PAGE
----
Gambling hotline calls rise in wake of legal sports betting

The Connecticut Council on Problem Gambling is getting flooded with phone calls.

"They're saying that they've gotten into trouble faster than they thought they would ever get into trouble," Executive Director Diana Goode said, referring to what many callers are saying.

Connecticut started online gambling and sports betting in October. Since that time, calls to the gambling problem hotline have skyrocketed by 126%, Goode said. And it is a younger crowd that is calling for help with addiction.

"Before this, when you thought about a problem gambler you thought about the little old lady at the slot machines, but that is not what we're seeing now. We're seeing 20-something males that are running into trouble with sports betting," Goode said. "They lose a little bit on a couple of bets and they think they need to win that back so they keep betting."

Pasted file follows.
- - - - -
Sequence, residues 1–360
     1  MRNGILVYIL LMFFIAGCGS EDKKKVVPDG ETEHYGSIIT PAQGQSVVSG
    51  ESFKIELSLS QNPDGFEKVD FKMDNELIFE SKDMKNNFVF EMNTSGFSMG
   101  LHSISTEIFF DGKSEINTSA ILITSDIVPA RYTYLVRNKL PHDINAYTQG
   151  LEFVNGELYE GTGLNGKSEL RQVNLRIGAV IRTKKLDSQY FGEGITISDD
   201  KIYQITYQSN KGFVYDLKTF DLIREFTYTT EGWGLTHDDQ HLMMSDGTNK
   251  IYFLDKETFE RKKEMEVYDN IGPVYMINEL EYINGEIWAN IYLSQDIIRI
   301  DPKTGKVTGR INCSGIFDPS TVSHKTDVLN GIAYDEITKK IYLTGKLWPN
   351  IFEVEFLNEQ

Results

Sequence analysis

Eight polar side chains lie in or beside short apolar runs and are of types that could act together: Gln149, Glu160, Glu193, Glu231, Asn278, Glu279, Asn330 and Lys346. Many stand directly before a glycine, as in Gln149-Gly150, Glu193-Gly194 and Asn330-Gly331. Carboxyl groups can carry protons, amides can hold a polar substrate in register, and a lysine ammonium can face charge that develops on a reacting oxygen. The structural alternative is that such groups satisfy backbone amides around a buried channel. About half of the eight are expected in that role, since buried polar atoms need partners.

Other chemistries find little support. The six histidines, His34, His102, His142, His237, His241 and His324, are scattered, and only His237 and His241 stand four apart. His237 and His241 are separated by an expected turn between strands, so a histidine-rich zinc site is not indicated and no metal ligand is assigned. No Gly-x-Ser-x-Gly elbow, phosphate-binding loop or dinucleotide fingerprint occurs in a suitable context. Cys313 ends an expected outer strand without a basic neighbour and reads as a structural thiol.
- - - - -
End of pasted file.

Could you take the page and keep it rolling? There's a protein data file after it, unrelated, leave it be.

Goode said younger sports bettors are falling prey to enticing advertising.

"We're seeing a lot of 'betting is risk-free,' which it's not or 'just open an account and we'll give you a free $50,'" Goode said. "And that's really where these kids are running into trouble."

Jody Bechtold, a gambling addiction expert, said she has never had so many referrals as she has had since the state allowed online gambling and sports betting.

"The money spends so fast because you're not handing it over — it's all virtual and so you really lose track," said Bechtold, the CEO of The Better Institute, a group counseling practice.

In the meantime, the Connecticut Council on Problem Gambling has hired two more people since February to help handle the volume of calls to its helpline.